Belfast business groups call for additional support as city centre footfall plummets
BUSINESS leaders in Belfast have said they expect city centre footfall to fall by 100 per cent this week.
In an open letter to elected politicians calling for additional interventions, Belfast Chamber and three of the city's business improvement districts, said that many businesses will miss out on the £10,000 and £25,000 cash grants announced by Stormont for small firms.
They said whilst approximately 22 per cent of businesses across Northern Ireland will be eligible for a £10,000 grant, in the city centre, as few as only 16 per cent of businesses will meet the criteria.
The smaller grant is payable to businesses with a rateable value of £15,000 or less.
The £25,000 grant is for retail, tourism and hospitality businesses only, but restricted to premises with a rateable value of between £15,001 and £51,000.
The Belfast business groups have said this test doesn't work for many employers in the city centre, where premises traditionally have a higher NAV (net annual value).
“Many businesses in Belfast have not been eligible for this much needed support even though they have been instructed by Government to close and similar businesses in other parts of the region are getting the grant,” states the letter sent to MPs, MLAs and councillors.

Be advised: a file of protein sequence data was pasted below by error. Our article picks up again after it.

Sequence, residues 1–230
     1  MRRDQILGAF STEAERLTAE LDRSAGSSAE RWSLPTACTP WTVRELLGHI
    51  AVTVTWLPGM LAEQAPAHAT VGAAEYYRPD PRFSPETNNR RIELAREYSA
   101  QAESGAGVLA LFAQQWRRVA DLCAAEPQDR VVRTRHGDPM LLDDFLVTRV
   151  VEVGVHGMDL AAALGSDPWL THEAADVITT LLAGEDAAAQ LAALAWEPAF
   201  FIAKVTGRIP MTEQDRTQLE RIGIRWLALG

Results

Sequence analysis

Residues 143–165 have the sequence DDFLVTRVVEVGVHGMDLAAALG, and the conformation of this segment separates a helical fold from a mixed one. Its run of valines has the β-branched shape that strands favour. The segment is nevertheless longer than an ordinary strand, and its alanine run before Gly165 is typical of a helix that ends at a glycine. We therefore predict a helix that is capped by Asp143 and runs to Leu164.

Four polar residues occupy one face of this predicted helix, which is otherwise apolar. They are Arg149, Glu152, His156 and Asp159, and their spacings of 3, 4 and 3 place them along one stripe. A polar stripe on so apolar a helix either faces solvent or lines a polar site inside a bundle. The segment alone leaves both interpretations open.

“Whilst we understand that this is an emergency which is affecting everywhere in the region, we believe that it is having a particular acute impact on our city centre where footfalls have dropped off by in excess of 50 per cent in the last week alone and are expected to fall by close to 100 per cent this week.”
Chief Executive of Belfast Chamber, Simon Hamilton, said the Covid-19 pandemic has already had a hugely negative impact on Belfast's economy.
“Belfast city centre has endured a tough few years. We have been trying hard to recover from the devastating impact of the Bank Buildings fire and are now having to contend with Covid-19,” he said.
“On behalf of our members and levy payers, we are asking the city's elected representatives to urge Government and particularly the Executive to consider additional interventions to support businesses like those in Belfast who have been forced to close and cease trading but are not going to be able to avail of some of the support that has been introduced thus far.”